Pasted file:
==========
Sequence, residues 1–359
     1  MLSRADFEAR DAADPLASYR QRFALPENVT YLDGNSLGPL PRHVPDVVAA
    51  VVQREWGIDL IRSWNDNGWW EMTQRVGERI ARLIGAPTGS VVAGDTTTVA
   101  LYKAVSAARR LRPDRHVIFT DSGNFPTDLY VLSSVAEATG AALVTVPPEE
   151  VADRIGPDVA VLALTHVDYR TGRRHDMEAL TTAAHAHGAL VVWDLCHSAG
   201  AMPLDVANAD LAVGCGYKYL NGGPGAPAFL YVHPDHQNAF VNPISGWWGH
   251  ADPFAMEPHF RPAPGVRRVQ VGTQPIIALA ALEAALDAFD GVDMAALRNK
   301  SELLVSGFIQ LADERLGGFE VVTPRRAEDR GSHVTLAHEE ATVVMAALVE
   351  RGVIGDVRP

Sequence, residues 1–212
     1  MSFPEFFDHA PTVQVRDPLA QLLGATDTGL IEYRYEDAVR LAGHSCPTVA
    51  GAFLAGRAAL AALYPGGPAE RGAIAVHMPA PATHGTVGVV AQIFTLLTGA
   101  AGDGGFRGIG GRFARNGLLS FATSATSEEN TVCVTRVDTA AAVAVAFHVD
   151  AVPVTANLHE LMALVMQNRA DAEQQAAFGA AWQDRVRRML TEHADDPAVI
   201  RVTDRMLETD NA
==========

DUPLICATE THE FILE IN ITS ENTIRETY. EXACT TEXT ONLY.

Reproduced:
Sequence, residues 1–359
     1  MLSRADFEAR DAADPLASYR QRFALPENVT YLDGNSLGPL PRHVPDVVAA
    51  VVQREWGIDL IRSWNDNGWW EMTQRVGERI ARLIGAPTGS VVAGDTTTVA
   101  LYKAVSAARR LRPDRHVIFT DSGNFPTDLY VLSSVAEATG AALVTVPPEE
   151  VADRIGPDVA VLALTHVDYR TGRRHDMEAL TTAAHAHGAL VVWDLCHSAG
   201  AMPLDVANAD LAVGCGYKYL NGGPGAPAFL YVHPDHQNAF VNPISGWWGH
   251  ADPFAMEPHF RPAPGVRRVQ VGTQPIIALA ALEAALDAFD GVDMAALRNK
   301  SELLVSGFIQ LADERLGGFE VVTPRRAEDR GSHVTLAHEE ATVVMAALVE
   351  RGVIGDVRP

Sequence, residues 1–212
     1  MSFPEFFDHA PTVQVRDPLA QLLGATDTGL IEYRYEDAVR LAGHSCPTVA
    51  GAFLAGRAAL AALYPGGPAE RGAIAVHMPA PATHGTVGVV AQIFTLLTGA
   101  AGDGGFRGIG GRFARNGLLS FATSATSEEN TVCVTRVDTA AAVAVAFHVD
   151  AVPVTANLHE LMALVMQNRA DAEQQAAFGA AWQDRVRRML TEHADDPAVI
   201  RVTDRMLETD NA